Byline: Karyn Monget

NEW YORK--After a six-year hiatus, the Converse name will make a comeback in women's activewear at the activewear and bodywear market here next week. Deliveries are scheduled to begin Dec. 15.
The line is being produced by Active Apparel Group under license from Converse Inc.
Earlier this month, the line was previewed at a party and informal fashion show at the new Converse showroom for women's apparel at 1350 Broadway.
First-year wholesale sales projection is between $4 million and $5 million, said Rita Cinque, vice president of Active Sport.
Distribution is aimed at department and specialty stores, sporting goods outlets and athletic footwear stores.
Wholesale prices start at $10.75 for a princess-seamed bra top and go to $18 for a colorblock unitard.
There will be two groups--a performance wear group and an active sport group. Each group will include bra tops, bike shorts, leotards and unitards in cotton and Lycra spandex. Performance wear will also feature leggings.
Special detailing includes gussets lined in CoolMax, and 3/4-inch-wide leg grips of rubberized elastic. Solid colors will be black, heather and ecru.
The sport group will have four additional styles in novelty plaids and colorblocks: a pleated tennis skirt and a baby T-shirt, both of cotton and Lycra, and a cotton piqué knit crop polo shirt and a short-sleeved T-shirt of cotton knit.
A SportSupport bra lined in cotton and Lycra will feature special detailing: double-stitched seams for added reinforcement; non-stretch center face seaming for breast separation; seamless elastic antichafing band and adjustable stretch straps.
The bra wholesales for $13. Sizes are S in A and B cup; M in B and C cup; L in C and D cup and XL in D cup. Colors are black, heather and ecru. "We've gone in the opposite direction of the Wonderbras, which are great to wear at nightclubs," said Cinque. "Our bra is meant to be worn as a true activewear piece."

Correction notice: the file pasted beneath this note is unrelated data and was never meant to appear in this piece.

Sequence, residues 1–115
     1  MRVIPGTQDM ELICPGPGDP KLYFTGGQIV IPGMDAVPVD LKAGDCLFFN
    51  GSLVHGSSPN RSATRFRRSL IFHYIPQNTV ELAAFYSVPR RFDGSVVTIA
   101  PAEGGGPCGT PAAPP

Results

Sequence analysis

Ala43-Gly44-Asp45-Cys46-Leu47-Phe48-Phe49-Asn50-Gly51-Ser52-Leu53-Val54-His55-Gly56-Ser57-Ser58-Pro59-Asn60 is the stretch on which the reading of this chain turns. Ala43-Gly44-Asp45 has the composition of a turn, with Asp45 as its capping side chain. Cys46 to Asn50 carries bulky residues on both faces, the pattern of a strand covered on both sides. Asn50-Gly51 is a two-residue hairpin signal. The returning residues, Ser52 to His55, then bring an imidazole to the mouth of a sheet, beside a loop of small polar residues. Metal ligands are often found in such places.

Hal Worsham, director of licensing for Converse, based in North Reading, Mass., noted that the relaunch of the women's line ties in with the growing popularity of active apparel.
"The Converse name is tough and rugged. It's not a bubble gum name," said Worsham. "We thought it was a real opportunity to meet women's demands for true performance wear.
"The few items we did in women's apparel several years ago were only complementary pieces to go with the men's line," he continued. "Now, we have an entire high-performance line for women."
Cinque noted that the 86-year-old Converse name and its 77-year-old star logo made the line appealing to women. "Women just love the logo," said Cinque.
Worsham added, "Women want the logos really big, while men like a more subtle, smaller logo" on sports apparel. Each item in the women's line prominently features the logo, which was updated a year ago into a shooting star.

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